Chiapa de Corzo, Chiapas: Near to the state capital of Chiapas, this colonial town’s claim to Dia de los Muertos fame is its elaborately decorated cemetery, complete with live music! It’s an experience you’ll be talking about for years.
Janitzio and Patzcuaro, Michoacan: Janitzio is a small island in Patzcuaro Lake, located in the town of Patzcuaro. The Purepecha indigenous people call this island home, and have elaborate Day of the Dead rituals which include folk dancing and chanting through the night, gathered around their loved ones’ final resting places. After dark many local fishermen row out into the lake with torches to create a moving display of light and darkness.
Merida, Yucatan: In Merida the influence of the Mayan people is strong, and the celebrations are often referred to as “Hanal Pixan”, or Feast for the Souls. Here they prepare a special seasoned chicken tamale which they wrap in banana leaves and cook underground. It is believed that the spirits enjoy the essence of it, and the living enjoy the tamales themselves, allowing everyone to come together for one more meal together.
Mixquic, Mexico: This formerly rural village is now officially part of the sprawl of Mexico City, but it has gone to great lengths to maintain its indigenous roots, and that is very clear around Day of the Dead time. A carnival-like atmosphere permeates the town with booths set up everywhere and a procession complete with cardboard coffin which leads to the town cemetery where a candle light vigil takes place.
Oaxaca, Oaxaca: A visit to Oaxaca is a treat no matter what time of year you go, but during the Dia de los Muertos festivities you’ll find vigils in all the cemeteries, elaborate altars set up throughout town, lively parades, and even sand tapestry competitions in which participants create “3D paintings” out of sand.
Puerto Vallarta: This dreamy seaside resort town is home to the famous Los Muertos Beach, so it’s almost a requirement that they put on a stellar party for this occasion! Three full days of celebrations take place throughout the entire city, some with more of a party-like feel, full of revelry, while others are more quiet and somber. No matter what you’re looking for, you’re bound to find something to suit your mood.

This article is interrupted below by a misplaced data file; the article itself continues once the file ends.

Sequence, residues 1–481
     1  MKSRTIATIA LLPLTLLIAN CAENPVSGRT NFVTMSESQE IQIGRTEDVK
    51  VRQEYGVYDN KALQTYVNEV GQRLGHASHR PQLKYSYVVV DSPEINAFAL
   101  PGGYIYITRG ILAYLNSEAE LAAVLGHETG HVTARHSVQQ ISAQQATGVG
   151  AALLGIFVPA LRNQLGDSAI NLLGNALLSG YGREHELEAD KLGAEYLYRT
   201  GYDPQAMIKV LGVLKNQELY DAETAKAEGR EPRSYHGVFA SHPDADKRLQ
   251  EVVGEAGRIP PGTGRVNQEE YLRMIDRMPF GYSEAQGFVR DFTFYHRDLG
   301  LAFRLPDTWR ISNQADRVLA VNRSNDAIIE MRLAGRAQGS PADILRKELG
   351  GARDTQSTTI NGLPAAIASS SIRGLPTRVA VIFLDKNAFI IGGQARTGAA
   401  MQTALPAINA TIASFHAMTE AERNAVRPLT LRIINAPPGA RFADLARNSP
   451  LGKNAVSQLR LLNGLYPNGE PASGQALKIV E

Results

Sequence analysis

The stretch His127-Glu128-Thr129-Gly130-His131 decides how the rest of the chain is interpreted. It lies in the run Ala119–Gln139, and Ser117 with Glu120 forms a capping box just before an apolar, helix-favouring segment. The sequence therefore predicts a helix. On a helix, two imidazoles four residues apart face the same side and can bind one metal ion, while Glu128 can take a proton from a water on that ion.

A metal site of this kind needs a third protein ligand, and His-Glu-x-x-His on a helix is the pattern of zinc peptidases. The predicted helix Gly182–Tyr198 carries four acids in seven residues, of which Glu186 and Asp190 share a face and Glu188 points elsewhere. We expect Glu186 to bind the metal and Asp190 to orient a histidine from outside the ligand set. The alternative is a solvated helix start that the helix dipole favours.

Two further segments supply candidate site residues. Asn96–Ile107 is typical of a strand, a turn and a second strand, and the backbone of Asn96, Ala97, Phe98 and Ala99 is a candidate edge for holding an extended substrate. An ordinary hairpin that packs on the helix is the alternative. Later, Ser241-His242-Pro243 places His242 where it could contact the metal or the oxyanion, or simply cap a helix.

Riviera Maya: Steeped in the centuries-old traditions of the Mayan people, the Riviera Maya is as beautiful as it is fun, and Xcaret Theme Park offers “Festival de la Vida y la Muerte” (Festival of Life and Death) for your celebrating pleasure. From October 30th to November 2nd you can find dance and theater, concerts, special tours and parades, and even take part in sacred rituals.
If you want to celebrate Dia de los Muertos in Costa Rica like the Mexicans do, you are in luck! There is a big celebration each year at the Mexican Embassy in San Jose, complete with altars dedicated to the dead and Pan de Muerto (bread of the dead), a traditional food of the Dia de los Muertos celebrations. However, to truly experience Dia de los Muertos as the Ticos do, we recommend a visit to the cemetary on November 2nd.
Dia de los Muertos in Panama, you will find no such lavish public parties take place because they are gearing up for Fiesta Patrias, beginning with an Independence Day celebration on November 3rd. So you’ll definitely be getting your cultural immersion, just hang tight one more day!